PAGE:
The taxi pulled up next to the entrance of the lavish skyscraper hotel. We decided we should walk in like we owned the place and look like we were going to spend a lot of money. A very polite hostess greeted us on the way and directed us to the ultra-modern elevator. There was another hostess just in front of it – looking all perfect with hairstyle, makeup and a sleek uniform. The ride was fast and in seconds we were in a different world. It was like climbing up Jack’s beanstalk and finding ourselves in a new land above our own. We were as high as the heavens. And there were angels all around, ushering us onto the floor and out on the terrace, which was on two levels. The stairs were closely watched. You couldn’t stop there even for a second. The heavens security guy came to make you move on.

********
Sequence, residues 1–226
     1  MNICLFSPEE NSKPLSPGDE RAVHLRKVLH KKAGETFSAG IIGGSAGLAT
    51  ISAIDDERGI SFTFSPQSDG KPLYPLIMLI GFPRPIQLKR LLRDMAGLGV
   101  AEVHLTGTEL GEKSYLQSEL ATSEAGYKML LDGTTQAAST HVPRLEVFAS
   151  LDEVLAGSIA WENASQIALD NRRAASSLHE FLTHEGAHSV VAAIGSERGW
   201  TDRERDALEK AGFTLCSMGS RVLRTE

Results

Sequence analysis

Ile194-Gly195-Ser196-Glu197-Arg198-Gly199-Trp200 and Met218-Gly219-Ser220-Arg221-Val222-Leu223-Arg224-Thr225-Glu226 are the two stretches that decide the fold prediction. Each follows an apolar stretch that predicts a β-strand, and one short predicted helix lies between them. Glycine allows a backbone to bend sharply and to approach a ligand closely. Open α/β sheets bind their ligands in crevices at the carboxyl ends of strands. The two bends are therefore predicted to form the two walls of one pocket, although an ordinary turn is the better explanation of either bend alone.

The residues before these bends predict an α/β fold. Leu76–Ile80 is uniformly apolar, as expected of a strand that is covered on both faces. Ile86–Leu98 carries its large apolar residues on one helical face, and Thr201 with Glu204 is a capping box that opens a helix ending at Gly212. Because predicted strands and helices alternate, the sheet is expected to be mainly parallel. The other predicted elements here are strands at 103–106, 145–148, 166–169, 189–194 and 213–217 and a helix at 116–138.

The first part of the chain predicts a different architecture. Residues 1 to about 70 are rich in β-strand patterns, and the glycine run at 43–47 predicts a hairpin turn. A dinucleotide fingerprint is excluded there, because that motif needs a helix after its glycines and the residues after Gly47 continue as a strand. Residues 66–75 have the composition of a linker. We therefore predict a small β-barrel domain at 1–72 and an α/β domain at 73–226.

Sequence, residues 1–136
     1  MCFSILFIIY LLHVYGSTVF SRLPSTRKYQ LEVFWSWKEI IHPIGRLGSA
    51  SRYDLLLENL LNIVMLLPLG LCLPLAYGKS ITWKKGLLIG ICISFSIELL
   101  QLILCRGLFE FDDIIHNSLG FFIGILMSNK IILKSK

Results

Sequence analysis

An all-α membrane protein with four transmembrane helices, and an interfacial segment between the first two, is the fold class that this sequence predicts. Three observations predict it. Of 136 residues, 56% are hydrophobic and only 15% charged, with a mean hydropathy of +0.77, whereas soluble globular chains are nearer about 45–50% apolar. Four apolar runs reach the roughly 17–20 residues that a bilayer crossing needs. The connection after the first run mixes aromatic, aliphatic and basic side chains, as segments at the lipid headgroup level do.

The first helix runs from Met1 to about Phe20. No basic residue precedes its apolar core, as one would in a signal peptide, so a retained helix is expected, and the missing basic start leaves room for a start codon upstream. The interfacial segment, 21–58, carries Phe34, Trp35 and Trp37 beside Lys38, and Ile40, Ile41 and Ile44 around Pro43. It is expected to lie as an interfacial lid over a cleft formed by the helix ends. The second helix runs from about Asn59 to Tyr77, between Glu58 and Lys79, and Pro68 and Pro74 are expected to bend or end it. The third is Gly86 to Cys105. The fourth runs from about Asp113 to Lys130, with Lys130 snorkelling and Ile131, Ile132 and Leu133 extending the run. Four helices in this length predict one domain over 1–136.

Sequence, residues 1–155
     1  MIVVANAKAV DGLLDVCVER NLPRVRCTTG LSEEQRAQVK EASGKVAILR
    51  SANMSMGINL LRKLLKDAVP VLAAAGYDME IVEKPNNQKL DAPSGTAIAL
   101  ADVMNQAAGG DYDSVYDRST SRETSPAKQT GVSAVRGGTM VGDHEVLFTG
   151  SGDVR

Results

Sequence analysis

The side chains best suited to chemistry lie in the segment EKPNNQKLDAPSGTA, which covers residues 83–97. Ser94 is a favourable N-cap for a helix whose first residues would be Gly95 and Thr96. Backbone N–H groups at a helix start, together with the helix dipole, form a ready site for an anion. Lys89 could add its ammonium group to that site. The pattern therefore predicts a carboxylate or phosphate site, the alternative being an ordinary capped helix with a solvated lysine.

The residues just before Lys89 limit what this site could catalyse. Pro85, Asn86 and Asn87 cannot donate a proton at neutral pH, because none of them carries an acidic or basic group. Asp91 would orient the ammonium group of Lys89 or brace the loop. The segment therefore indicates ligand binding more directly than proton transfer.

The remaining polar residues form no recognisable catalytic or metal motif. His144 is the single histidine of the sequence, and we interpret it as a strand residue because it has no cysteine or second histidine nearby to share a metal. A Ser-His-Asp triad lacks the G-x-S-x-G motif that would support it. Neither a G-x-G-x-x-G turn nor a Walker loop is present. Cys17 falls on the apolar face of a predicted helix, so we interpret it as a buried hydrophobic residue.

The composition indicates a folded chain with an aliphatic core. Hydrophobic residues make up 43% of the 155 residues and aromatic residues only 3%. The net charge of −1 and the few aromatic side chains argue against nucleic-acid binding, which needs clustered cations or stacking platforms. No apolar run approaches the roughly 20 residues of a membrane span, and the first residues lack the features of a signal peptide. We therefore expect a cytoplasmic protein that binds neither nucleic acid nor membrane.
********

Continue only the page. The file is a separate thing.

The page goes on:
Everything was high class – the atmosphere, the personnel, and the people who were fashionably dressed from head to toe. There was talking, laughter, glass clinging, women in high heels and short skirts running up and down the stairs, men in shirts following them reluctantly. On the below level there was a restaurant with tables, which were fully occupied with rich people gorging on ultra-expensive meals. That part of the terrace ended in a platform which seemed to be almost outside the building. Most of the guests gathered on it to drink and observe the spectacular view.
The view was cosmopolitan. I felt like Jack in Titanic. I had the world beneath my feet, yet I didn’t belong there.
I’m the king of the world!!!
All streets, buildings and people were small and insignificant down there, like an ant farm.
So this is what it feels like to be a God.